Jacob Toorenvliet trained initially in Leiden under his father Abraham (c.1620-1692), a drawing master and glass painter, who is better known as the first teacher of Frans van Mieris and Matthijs Naiveu. Jacob had a precocious talent for painting and it is known that he was already active as a portraitist by the time of his fifteenth birthday. In 1670 he left for Rome and from 1673 he lived and worked in Venice where Houbraken records that he met and married his wife. He is thought to have spent time in Vienna in the late 1670s and by 1680 was back in Holland when he took a pupil, Jacob van der Sluis, in Amsterdam. He returned to Leiden in 1682.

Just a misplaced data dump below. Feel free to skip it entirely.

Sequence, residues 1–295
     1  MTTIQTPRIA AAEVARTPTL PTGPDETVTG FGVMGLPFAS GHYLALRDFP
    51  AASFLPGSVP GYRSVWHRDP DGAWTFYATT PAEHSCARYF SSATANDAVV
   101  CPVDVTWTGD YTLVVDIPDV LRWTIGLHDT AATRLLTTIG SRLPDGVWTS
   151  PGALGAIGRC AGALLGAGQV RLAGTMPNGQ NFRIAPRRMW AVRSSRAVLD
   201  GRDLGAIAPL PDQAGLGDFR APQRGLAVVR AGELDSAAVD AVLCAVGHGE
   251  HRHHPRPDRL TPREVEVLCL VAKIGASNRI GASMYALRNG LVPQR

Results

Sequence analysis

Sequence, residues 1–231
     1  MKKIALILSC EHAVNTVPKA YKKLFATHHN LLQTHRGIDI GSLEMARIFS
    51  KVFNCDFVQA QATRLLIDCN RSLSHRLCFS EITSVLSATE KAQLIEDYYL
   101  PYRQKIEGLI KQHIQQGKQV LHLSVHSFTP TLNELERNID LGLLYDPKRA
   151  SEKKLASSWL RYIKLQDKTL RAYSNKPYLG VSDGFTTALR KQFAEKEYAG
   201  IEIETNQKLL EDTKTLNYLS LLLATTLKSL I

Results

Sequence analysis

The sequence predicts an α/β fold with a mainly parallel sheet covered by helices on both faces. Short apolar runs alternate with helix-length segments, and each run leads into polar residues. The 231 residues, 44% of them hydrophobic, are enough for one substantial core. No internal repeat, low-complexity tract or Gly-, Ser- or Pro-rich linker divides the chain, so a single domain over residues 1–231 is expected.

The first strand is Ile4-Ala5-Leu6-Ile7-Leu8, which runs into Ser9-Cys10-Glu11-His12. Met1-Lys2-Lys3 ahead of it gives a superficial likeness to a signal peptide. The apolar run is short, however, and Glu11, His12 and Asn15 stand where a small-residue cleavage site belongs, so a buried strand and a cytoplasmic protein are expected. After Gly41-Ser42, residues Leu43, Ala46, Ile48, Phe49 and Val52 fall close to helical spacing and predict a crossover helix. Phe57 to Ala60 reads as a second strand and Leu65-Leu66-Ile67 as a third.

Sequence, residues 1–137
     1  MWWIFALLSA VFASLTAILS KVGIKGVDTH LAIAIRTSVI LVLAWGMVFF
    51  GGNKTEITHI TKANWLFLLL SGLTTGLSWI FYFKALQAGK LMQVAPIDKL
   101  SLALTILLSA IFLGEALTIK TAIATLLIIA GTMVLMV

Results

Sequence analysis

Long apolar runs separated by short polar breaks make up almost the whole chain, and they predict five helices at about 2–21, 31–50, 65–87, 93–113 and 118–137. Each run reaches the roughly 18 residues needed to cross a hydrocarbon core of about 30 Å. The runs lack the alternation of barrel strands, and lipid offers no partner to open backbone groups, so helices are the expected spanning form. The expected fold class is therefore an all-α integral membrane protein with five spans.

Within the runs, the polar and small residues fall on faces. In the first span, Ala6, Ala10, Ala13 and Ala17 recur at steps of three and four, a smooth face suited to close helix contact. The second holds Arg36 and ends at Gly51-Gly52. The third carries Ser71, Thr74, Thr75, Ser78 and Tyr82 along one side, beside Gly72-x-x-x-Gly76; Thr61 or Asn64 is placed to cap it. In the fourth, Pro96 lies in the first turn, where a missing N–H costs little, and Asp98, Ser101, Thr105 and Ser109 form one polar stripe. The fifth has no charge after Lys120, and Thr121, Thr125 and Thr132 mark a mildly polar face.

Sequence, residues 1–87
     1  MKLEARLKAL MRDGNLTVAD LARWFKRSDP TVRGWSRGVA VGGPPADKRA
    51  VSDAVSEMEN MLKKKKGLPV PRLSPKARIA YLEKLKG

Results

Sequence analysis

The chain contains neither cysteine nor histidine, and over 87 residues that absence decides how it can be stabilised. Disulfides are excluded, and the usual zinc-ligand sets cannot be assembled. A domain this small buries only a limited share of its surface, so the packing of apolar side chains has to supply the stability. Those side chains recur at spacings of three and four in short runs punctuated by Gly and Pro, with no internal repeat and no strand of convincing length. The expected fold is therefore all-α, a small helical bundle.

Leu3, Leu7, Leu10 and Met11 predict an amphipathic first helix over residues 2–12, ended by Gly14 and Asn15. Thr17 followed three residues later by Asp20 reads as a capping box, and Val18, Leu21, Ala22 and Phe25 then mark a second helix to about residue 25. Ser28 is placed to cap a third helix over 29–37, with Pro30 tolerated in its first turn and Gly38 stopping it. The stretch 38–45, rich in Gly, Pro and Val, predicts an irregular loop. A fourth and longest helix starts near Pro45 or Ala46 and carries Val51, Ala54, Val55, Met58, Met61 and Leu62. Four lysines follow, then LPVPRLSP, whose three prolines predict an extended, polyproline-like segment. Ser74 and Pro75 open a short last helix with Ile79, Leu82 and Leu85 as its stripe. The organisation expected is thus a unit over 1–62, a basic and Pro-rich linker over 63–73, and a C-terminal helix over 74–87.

Toorenvliet's oeuvre is bound in the tradition of the Leiden fijnschilders and his training under his father no doubt introduced him to the techniques of rendering objects and textures in minute detail. His early output, consisting mainly of humble interior scenes, reveals this technical ability, as evinced for example by the Woman spinning, dated 1667, in the Staatliche Kunshalle, Karlsruhe. The present work most probably dates from shortly after his return to Leiden. This stage of his career is more difficult to chart owing to the paucity of dated works but his oeuvre from these mature years is characterised by the more anecdotal nature of his subjects and his tendency to depict figures in full-length (E.J. Sluijter, in the catalogue of the exhibition, Leidse Fijnschilders, Zwolle and Leiden, 1988, p. 245). The figure types and the palette employed here are not unlike those in a painting of 1686 depicting a Musician and a maidservant by a column, sold at Christie's, Amsterdam, 27 November 1986, lot 75. If that picture was more overtly Italian in character, the present work reveals the strong influence of Cornelis Bega whose work Toorenvliet must have come to admire. The subject, in which a man is shown spinning yarn and tending his child in a humble interior while being chided by his wife, seems to be a deliberate play on the classic role-reversal story of Hercules and Omphale which in baroque Italy was used to illustrate the idea of woman's domination over man.